My favourite part of the book is Sandberg's insistence that we move away from the term ‘stay at home mother’s’. Instead start using the terms ‘working in the home’ and ‘working out of the home’. Because raising children is a damn job! And a bloody hard one at that.
Even if you read this book and decide you don’t agree with anything Sandberg said — or that you hate Facebook — this book will likely start conversations with yourself and others. Conversations that we need to have. The patriarchy will continue until we burn it down (figuratively, not literally).
Read a book that’s going to either challenge your way of thinking, or give you ammo for your next argument with Bob from accounts who thinks women "just aren’t as good with numbers" or “don’t want to be in charge”. Can I get an *eye roll* please?
3. The Little Black Book By Otegha Uwagba
I love a little black book that’s pink.
While you may already use some of these tips it’s the perfect compilation of all the tips and tricks any successful woman needs.
From your personal brand to your finances, cold pitching to negotiating — this is a $10 gem for anyone that’s starting their own freelance business or side hustle.
Shout out to the side hustlers! ✊🏻
4. Way More than Luck: Commencement Speeches on Living with Bravery, Empathy, and Other Existential Skills
I bought this book after Zoë Foster Blake recommended it. (If you know me well, that won’t surprise you. Zoë, if you ever read this, call me!)
But once again ZFB has nailed it. This book is so inspiring and empowering. It's filled with real stories of success, people who've lived the life they dreamed of, and stories of others who took the safe road. Through these stories comes sounds advice – not just for your career, but for your life.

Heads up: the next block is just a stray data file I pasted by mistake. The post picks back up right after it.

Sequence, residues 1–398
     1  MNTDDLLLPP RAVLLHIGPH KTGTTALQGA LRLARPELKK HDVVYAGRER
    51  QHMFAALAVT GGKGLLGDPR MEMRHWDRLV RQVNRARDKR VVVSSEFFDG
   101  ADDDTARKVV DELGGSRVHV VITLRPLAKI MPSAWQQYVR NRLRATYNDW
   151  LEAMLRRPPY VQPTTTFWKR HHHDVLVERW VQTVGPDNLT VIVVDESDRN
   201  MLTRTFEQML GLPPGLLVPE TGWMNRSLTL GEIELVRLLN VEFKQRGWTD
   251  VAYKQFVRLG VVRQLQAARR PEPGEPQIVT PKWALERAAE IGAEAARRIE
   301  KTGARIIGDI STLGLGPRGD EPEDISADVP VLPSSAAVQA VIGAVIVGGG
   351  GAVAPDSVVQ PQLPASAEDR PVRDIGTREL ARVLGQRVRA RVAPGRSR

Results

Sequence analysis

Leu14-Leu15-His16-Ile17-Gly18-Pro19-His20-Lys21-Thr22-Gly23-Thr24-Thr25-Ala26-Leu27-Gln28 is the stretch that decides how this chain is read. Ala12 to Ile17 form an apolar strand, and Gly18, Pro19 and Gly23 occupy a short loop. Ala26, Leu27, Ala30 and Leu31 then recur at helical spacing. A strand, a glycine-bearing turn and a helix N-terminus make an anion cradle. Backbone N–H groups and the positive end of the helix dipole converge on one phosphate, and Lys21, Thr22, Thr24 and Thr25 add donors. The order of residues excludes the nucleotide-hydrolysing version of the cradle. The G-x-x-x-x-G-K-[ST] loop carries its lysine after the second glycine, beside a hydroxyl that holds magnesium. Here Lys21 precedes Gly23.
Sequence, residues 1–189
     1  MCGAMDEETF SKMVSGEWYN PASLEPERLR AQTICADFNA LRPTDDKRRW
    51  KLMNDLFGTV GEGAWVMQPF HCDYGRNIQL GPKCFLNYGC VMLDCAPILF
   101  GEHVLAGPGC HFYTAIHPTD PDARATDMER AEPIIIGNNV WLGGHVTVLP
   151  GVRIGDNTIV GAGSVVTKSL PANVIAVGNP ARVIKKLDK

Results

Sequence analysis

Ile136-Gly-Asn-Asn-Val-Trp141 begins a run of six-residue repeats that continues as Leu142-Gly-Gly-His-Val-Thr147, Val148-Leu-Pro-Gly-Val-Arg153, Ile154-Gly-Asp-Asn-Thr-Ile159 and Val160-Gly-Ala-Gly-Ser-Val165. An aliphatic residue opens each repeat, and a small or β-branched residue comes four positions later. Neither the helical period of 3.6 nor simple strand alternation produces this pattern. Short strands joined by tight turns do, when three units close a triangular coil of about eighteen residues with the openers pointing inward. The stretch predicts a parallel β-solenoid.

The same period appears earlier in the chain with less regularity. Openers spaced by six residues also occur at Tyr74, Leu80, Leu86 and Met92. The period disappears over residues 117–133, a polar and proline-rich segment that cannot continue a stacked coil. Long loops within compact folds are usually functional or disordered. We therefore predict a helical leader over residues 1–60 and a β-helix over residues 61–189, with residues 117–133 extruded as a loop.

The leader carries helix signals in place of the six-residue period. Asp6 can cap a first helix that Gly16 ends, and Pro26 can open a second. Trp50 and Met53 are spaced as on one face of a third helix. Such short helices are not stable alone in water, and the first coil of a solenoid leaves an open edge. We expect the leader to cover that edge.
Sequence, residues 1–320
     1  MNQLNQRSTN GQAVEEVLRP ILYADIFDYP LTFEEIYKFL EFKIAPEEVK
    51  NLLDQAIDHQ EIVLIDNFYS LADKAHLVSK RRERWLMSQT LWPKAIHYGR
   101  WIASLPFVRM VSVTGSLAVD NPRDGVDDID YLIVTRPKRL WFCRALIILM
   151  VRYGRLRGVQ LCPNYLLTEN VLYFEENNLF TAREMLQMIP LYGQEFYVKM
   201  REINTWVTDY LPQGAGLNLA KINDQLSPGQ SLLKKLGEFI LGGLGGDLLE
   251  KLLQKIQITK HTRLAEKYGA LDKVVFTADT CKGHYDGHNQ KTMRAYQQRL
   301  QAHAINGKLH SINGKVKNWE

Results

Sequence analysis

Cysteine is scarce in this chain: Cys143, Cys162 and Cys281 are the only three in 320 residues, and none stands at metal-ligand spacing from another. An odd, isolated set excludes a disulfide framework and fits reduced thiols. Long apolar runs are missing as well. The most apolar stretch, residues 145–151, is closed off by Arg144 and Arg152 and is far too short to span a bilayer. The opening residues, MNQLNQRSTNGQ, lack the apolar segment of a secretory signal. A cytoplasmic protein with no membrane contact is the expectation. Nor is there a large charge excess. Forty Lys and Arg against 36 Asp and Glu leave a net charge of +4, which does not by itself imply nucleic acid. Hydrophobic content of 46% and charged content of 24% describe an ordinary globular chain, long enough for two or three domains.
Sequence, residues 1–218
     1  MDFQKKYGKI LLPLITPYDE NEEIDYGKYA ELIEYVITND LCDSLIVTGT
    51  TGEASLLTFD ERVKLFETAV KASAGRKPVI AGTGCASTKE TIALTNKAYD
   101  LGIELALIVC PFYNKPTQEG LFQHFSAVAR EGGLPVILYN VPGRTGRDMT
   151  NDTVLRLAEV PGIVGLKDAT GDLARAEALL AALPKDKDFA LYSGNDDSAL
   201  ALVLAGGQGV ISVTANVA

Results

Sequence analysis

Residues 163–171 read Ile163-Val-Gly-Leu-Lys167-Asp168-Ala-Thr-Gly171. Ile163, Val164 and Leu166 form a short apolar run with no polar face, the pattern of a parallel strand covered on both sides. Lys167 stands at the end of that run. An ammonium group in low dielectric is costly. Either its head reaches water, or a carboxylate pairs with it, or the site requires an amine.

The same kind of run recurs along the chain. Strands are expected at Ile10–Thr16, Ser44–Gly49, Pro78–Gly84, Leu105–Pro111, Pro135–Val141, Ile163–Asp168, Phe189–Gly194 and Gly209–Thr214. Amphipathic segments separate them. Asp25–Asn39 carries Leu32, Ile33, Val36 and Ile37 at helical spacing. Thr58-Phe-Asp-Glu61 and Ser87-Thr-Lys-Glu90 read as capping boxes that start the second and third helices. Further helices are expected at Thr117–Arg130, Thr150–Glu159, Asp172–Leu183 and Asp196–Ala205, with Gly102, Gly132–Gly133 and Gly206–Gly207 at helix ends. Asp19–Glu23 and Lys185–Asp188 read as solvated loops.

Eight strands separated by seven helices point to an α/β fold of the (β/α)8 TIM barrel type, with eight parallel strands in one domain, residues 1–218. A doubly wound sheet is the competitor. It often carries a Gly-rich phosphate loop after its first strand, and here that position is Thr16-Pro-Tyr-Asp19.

Somehow reading this book made me feel like I’m not doing too badly, while also making me want to work harder and take more risks.
You'd have to have super powers to not feel inspired by this book. I personally loved it. (It's a quick read – 2-3 hours.)
All the contributors: Debbie Millman (Contributor), Barbara Kingsolver (Contributor), Eileen Myles (Contributor), Jonathan Safran Foer (Contributor), Khaled Hosseini (Contributor), David Foster Wallace (Contributor), Dick Costolo (Contributor), Bradley Whitford (Contributor) , Michael E. Uslan (Contributor), Tom Wolfe (Contributor), Madeleine L'Engle (Contributor), Michael Lewis (Contributor), Nora Ephron (Contributor), Ira Glass (Contributor)
5. The 4 Hour Work Week By Tim Ferriss
I have talked about this book before, but I feel like I need to reiterate. (Fancy way of saying "mention it again".)
Do you want to work for yourself? You need to read this.
Are you fed up with your job? You need to read this.
Do you want to change your lifestyle? You need to read this.
Shall I go on? No. Because that’s boring.
Tim Ferriss will change the way you think about how you spend your time, what’s worth your energy and the wonderfulness that is virtual assistants.
Sure, he’s a bit of pain in the butt, but he’s living the lifestyle I want, which means he must have things to teach. Also a 4 day work week sounds good enough, but a 4 hour week sounds like coconuts and bliss. (I always assosicate coconuts with relaxation — don't ask.)